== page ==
Radical External Beam Radiotherapy With Intraluminal High Rate Dose Brachytherapy In Patients With Carcinoma Esophagus
A Chauhan, P Kaur, E Annex
cancer oesophagus, external beam radiotherapy, intraluminal brachytherapy
A Chauhan, P Kaur, E Annex. Radical External Beam Radiotherapy With Intraluminal High Rate Dose Brachytherapy In Patients With Carcinoma Esophagus. The Internet Journal of Gastroenterology. 2008 Volume 8 Number 1.
Oesophageal carcinoma is an uncommon malignancy, accounting for approximately 1% of all malignancy and 6% of all gastrointestinal malignancies.[ 1 ] Alcohol and tobacco use are the major risk factor for squamous cell carcinoma. Most common presenting symptom is dysphagia seen in 90% of patients, odynophagia in 50%, weight loss 40%-70% of patients.[1, 3]
Carcinoma oesophagus is considered as aggressive disease as at the time of presentation most cases presents as advanced or metastatic disease with five year survival rate approximately is ranged from 5- 10 %,  with a median survival rate observed in 1990s approximately 9 months.
Multidisciplinary treatment have been tried which includes surgery, concurrent chemoradiation, EBRT followed by high dose rate Intraluminal brachytheray (HDR-ILBRT) in such patients to improve prognosis. The development of new surgical techniques and better postoperative care has improved prognosis for patients undergoing surgery as the sole treatment, with 2-year survival rates ranging from 35 to 42%, and 5-year survival rates from 15 to 24%.[5,6,7] Historical series of external beam radiation therapy alone report 5-year survival rates of 0%–10%. [8-11] Low survival rate followed initial radiotherapy alone could be due to loco regional persistence or recurrence of tumour, which is seen in as high as 85% of cases.  The combination of radiotherapy and concurrent chemotherapy with cisplatin and fluorouracil has led to long-term survival in approximately 20%-30% of patients, an outcome similar to that associated with surgery alone but with a increased risk of late treatment related toxicity.
Review of literature suggests high rates of local recurrence rate 32%-45% when treated with surgery alone and 77% when radiation therapy alone is used. [5, 7, 13, 14] So, the results of the treatment of Ca. of oesophagus have been poor inspite of advances in various treatment modalities.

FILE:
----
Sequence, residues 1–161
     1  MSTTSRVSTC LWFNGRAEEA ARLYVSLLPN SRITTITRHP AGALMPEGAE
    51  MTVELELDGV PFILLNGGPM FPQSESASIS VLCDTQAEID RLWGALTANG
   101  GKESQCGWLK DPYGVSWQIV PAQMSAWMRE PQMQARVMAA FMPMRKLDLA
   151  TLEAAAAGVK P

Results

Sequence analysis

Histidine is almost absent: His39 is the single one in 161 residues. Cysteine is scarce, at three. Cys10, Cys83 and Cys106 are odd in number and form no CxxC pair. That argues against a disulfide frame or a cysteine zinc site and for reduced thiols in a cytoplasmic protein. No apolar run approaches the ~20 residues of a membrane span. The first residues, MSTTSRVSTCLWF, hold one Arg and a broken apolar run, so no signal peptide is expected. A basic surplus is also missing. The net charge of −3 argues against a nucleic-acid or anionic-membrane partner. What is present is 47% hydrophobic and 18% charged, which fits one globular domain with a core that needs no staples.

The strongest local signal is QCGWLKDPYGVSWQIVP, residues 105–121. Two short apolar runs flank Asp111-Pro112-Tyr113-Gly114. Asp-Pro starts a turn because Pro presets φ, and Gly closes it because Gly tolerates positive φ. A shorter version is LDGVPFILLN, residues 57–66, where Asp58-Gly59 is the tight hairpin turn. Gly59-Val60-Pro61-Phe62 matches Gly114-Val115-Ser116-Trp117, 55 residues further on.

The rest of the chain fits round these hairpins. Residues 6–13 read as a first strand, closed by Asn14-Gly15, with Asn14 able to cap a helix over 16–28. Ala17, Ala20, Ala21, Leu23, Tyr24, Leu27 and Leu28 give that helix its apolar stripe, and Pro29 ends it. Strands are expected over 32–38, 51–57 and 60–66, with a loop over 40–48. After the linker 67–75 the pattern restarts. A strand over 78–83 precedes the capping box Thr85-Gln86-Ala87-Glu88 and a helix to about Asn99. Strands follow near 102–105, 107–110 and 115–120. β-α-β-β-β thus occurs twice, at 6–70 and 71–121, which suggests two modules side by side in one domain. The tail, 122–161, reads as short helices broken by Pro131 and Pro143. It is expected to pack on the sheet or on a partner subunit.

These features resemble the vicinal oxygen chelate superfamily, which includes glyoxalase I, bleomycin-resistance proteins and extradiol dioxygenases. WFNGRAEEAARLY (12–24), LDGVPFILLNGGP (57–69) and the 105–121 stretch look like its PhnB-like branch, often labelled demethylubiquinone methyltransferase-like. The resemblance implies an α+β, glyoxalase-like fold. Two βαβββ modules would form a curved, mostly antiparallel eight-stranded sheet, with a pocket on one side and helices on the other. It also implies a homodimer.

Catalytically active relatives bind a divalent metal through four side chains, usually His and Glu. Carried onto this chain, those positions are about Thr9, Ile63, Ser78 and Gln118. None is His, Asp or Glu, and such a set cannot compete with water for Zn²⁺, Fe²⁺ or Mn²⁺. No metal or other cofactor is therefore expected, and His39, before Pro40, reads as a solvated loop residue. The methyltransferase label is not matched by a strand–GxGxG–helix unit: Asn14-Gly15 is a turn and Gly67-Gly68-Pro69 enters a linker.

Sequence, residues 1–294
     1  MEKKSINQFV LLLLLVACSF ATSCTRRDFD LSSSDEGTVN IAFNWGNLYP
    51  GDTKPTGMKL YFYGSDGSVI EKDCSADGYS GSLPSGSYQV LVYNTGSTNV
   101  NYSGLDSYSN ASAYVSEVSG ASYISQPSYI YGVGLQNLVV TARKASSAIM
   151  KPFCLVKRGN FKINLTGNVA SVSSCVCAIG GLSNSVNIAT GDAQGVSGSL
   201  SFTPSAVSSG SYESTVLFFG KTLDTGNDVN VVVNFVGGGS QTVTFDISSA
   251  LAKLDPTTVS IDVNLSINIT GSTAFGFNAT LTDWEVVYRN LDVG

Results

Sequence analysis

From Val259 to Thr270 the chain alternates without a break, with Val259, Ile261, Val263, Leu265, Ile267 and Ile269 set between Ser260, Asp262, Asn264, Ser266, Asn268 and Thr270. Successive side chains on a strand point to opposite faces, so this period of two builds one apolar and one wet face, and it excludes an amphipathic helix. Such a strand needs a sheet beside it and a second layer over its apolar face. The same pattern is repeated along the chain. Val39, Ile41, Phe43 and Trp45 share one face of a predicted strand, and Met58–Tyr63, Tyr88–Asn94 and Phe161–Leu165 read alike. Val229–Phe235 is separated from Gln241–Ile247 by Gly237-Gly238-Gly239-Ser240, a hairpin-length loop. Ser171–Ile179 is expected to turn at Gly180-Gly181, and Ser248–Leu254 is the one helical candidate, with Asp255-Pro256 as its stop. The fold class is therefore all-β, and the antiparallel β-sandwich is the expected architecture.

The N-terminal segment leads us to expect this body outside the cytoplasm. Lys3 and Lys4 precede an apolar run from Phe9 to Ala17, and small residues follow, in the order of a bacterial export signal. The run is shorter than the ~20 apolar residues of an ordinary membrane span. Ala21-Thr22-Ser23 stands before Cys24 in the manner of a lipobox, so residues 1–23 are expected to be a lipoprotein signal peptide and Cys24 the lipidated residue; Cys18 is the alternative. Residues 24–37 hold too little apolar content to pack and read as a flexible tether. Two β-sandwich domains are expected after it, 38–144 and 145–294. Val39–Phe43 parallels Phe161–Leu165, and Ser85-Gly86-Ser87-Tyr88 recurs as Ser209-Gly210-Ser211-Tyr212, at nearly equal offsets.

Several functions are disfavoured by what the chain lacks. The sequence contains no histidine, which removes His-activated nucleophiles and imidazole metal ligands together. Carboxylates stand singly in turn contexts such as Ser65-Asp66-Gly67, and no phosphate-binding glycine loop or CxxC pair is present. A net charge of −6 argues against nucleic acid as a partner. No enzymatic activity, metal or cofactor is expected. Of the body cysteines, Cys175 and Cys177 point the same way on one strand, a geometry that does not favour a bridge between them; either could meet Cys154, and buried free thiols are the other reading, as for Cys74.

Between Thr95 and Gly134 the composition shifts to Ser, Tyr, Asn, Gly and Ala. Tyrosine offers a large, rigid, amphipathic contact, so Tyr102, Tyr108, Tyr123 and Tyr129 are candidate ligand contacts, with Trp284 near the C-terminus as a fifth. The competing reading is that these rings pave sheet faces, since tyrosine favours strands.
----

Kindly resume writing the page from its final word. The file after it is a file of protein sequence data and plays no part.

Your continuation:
A high tumour dose is needed to achieve adequate local control, which is possible by an intraluminal boost following teletherapy. The advantage of intraluminal brachytherapy as a means of dose escalation following external beam radiotherapy centres on physical characteristic inverse square law and quick dose fall off results in relative sparing of surrounding normal tissues, and potentially improving the therapeutic ratio.
Based on the concept that Intraluminal Brachytherapy is an effective adjuvant to Teletherapy to facilitate high tumoricidal dose can achieve excellent local control rate and disease free survival with acceptable toxicities.
We report the findings of a retrospective study done on patients with carcinoma oesophagus who were treated with external radiation therapy followed by Intraluminal brachytheray and evaluated its effectiveness, especially the HDR-ILBRT component.
Material And Methods
This retrospectic study was done in patients of cancer mid oesophagus treated in 2006 to 2007, who received definitive treatment, in form of external beam radiotherapy followed by intraluminal brachytherapy. Twenty one patients received 5 cGy in three fractions one week apart are included in this retrospective study. Other inclusion criteria were:
Those were unresectable due to medical region or not willing for surgery received definitive radiation therapy with ILBT alone enrolled in this study.
Previously untreated, histopathologically proved.
All lesions were in thoracic oesophagus.
Lesions were not more than 8 cm on barium swallow and endoscopy.
Karnofsly Performance status of more than 60%.
Age of the patients should be less than 62 years.
There was not significant interruption of treatment.
No evidence of metastasis, in Chest x - ray, USG abdomen normal, no palpable lymphadenopathy.
External Beam Radiotherapy
After proper positioning and immobilization on simulation and fluoroscopic visualization, to know extent of disease, patient was planned for external beam radiotherapy. EBRT delivered by Cobalt 60 Theratron 780-E machine. Minimum 5 cm of margins were taken from the initial tumour lesion with 8 -10 cm of width. Dose was given 40 Gy in 20 fractions over 4 weeks, 5 days per week by AP and PA field. After completion of EBRT two to three week rest was given to all patients.
ILBT was delivered by using High dose remote afterloading Microselectron (Nucletron, Netherlands) machine. Radioisotope used as a source was Iridium. (Stepping 192Ir. Source)